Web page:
Thursday, November 28, 2013

Upside and Downside: the Story of a Dimwit

 Here is a nice story of a dimwit who plays the wrong way with upside and downside.

Watch these episodes of Alif Laila from 2.13 to 3.9. In those good old days the tv shows were popular based on the quality of the language, character portrayal rather than masala grinding done nowadays. In this series and in Shaktiman I found how nicely the characters speak their language, Hindi/Urdu.

Alif Laila Vol 2.13

Alif Laila Vol 3.9

Once upon a time there was a fisherman who is poor and goes to fishing everyday. His wife and kids are suffering from hunger and poverty as he is not able to get enough fish from his fishing endeavors. The reason for this? This dimwit made a rule that he will use his net to fish only 4 times in a day and settle with whatever he gets from that.

Alas, what a real dimwit he is. Let us say sometimes he catches enough fish to survive the day. Then no problems. Say sometimes he catches just little more than enough to survive (after all how much more will he catch with his small net with the max. limit of 4 trials per day?). And rest of the times he catches less or no fish at all. So what happens is he progressively keeps getting poorer by the day.

On good days nothing to complain. On bad days he may incur debt or keep his wife and children hungry. He doesn't save some amount from good days either as there is only so much he can fish with a limit of 4 trials. What a real dumbwit he is.

But this kind of dimwit nature exists in stock traders as well. This is where it might hurt their ego. There are traders who sell their stocks for little profit without regard to potential upside it might have. In case the stock falls, they wait it out till it recovers and just sell at break-even or little gain again and watch later to see it go higher and higher.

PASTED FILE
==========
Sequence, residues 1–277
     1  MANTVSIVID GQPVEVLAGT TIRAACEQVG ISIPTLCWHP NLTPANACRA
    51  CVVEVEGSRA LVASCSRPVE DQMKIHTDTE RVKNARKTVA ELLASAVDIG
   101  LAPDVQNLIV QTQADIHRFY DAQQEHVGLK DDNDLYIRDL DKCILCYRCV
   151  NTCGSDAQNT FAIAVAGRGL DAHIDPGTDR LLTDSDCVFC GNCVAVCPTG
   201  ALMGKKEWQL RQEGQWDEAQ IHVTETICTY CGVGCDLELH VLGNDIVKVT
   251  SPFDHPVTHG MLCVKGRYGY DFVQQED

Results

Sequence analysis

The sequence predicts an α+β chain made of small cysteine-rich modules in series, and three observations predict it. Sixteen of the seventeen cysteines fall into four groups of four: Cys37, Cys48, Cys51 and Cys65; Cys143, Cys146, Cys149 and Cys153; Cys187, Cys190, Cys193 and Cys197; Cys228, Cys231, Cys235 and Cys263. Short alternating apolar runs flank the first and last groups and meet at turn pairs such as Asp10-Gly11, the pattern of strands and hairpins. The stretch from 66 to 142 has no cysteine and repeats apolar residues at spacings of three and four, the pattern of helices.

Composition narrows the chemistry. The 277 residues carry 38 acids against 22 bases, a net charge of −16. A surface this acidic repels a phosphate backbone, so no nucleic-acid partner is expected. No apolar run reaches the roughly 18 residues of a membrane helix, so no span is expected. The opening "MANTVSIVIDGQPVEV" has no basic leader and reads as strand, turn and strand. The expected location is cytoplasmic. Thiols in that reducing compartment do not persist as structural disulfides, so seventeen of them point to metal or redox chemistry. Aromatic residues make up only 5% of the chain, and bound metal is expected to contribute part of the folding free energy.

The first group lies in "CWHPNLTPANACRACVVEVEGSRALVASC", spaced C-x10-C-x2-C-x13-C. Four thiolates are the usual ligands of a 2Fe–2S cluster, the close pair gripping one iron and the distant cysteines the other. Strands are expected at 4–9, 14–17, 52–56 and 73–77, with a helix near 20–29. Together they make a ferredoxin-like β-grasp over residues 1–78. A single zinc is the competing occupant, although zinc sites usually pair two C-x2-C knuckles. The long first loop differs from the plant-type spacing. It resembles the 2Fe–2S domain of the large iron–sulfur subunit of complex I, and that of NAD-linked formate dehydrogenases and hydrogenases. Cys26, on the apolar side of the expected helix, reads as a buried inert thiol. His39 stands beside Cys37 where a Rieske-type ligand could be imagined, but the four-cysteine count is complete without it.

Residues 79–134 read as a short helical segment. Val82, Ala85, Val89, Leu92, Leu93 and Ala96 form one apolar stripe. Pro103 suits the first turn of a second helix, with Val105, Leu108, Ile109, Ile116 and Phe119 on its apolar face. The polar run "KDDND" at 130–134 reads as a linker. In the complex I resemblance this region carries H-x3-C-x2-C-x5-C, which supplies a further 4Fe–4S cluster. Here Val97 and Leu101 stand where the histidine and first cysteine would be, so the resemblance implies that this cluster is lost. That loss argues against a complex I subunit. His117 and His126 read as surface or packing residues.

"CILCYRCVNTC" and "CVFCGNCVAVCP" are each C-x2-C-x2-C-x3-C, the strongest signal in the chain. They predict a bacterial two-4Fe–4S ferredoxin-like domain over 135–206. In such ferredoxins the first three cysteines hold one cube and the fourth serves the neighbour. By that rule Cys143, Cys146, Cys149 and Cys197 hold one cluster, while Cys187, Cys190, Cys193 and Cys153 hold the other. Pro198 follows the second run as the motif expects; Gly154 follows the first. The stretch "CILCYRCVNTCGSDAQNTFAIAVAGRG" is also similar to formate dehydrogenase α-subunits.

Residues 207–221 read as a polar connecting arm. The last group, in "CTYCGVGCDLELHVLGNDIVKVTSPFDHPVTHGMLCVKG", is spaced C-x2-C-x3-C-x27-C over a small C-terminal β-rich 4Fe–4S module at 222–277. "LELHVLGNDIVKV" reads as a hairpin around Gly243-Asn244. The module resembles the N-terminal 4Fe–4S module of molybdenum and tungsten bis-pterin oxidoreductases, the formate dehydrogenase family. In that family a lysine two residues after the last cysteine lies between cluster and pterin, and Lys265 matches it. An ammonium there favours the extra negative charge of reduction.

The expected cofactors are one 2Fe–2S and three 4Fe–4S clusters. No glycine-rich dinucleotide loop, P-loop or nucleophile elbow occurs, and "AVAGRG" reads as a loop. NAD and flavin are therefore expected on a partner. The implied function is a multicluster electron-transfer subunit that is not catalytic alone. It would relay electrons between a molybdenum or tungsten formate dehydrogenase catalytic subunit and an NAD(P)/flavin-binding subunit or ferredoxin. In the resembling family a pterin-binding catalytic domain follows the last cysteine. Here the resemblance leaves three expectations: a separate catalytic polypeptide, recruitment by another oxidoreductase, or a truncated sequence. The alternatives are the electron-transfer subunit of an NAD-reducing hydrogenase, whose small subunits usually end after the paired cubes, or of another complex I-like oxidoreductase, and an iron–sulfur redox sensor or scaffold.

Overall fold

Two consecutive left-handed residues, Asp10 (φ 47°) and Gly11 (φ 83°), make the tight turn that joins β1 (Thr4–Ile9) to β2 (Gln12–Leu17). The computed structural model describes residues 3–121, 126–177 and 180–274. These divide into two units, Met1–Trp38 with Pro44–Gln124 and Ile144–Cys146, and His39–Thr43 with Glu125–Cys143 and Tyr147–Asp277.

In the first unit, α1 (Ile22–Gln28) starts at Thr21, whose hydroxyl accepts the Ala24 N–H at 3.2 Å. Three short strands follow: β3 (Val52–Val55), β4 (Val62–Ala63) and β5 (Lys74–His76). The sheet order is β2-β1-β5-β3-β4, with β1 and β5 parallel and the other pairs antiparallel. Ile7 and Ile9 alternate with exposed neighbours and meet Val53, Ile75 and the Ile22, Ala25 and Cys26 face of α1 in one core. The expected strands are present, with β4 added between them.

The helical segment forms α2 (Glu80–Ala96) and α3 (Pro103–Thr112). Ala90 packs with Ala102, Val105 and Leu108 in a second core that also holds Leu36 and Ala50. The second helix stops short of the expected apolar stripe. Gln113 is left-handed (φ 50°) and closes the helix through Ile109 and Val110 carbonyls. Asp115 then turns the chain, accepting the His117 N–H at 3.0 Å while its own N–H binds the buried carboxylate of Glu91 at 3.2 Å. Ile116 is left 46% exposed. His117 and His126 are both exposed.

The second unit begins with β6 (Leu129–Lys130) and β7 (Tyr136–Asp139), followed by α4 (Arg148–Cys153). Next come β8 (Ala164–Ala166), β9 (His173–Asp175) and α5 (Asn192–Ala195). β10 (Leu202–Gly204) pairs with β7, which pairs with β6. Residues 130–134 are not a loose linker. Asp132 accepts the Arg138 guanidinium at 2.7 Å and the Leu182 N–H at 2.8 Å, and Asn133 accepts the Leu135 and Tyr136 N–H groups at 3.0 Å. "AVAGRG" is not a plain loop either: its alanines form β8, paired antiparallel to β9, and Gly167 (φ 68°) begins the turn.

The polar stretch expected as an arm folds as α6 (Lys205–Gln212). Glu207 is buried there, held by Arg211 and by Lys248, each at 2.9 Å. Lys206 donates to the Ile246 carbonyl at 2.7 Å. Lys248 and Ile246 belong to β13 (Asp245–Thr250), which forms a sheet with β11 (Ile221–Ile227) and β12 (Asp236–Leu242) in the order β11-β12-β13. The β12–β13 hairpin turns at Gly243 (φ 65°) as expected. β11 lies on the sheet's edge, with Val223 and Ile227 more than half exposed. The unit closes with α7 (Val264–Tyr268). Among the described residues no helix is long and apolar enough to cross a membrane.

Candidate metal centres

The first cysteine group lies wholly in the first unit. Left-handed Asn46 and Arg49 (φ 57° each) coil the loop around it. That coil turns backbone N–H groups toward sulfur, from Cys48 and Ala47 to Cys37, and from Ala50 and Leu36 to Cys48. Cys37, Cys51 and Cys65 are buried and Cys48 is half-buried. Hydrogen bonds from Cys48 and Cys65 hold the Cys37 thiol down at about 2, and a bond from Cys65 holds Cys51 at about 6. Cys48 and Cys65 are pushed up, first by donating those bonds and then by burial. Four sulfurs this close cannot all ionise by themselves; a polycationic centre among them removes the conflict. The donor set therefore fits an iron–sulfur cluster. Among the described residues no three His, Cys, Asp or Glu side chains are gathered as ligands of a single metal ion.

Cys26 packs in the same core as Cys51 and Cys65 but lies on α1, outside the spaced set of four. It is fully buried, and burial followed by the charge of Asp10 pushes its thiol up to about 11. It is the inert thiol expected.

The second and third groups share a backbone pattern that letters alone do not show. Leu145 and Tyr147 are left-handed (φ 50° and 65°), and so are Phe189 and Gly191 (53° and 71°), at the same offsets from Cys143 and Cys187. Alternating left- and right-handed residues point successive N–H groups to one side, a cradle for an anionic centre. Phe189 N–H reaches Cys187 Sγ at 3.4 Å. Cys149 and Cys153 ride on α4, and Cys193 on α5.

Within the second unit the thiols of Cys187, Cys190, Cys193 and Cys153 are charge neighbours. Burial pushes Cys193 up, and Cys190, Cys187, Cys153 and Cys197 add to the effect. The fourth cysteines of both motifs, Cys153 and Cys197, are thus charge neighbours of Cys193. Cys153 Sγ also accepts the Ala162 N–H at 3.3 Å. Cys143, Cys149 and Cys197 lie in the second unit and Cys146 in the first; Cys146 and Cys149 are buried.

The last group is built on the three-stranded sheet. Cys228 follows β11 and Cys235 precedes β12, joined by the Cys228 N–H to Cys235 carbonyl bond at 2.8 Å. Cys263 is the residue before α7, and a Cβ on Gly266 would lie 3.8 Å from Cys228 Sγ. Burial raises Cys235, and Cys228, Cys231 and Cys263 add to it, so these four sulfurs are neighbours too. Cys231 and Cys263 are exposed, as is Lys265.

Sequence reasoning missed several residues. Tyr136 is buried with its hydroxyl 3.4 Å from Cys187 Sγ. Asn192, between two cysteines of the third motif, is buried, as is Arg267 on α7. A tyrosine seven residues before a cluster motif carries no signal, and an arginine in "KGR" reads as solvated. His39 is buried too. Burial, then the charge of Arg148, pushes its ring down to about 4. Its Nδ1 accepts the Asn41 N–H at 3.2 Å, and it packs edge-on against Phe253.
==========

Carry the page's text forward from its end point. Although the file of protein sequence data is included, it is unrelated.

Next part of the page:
Now this is not going to look like a big problem at all, apparently. Once they hit on bad luck, that is a bunch of losing stocks filling the portfolio and capital stuck in them for a long time without hope of recovery then they realize.

The problem is they limit the upside while not limiting downside. Rather one should limit downside and not limit the upside. Not limiting upside is not an easy thing to do. But this is where a trader differentiates himself from the herd. It is those unlimited gains that can help compensate and overcome the losses from unexpected string of bad luck trades.

Do not limit your upsides without giving much thought. Often it pains most when the stock goes up immediately after you took a hasty decision to get out. If it was a well thought out sale, you would've prepared for alternative scenarios.

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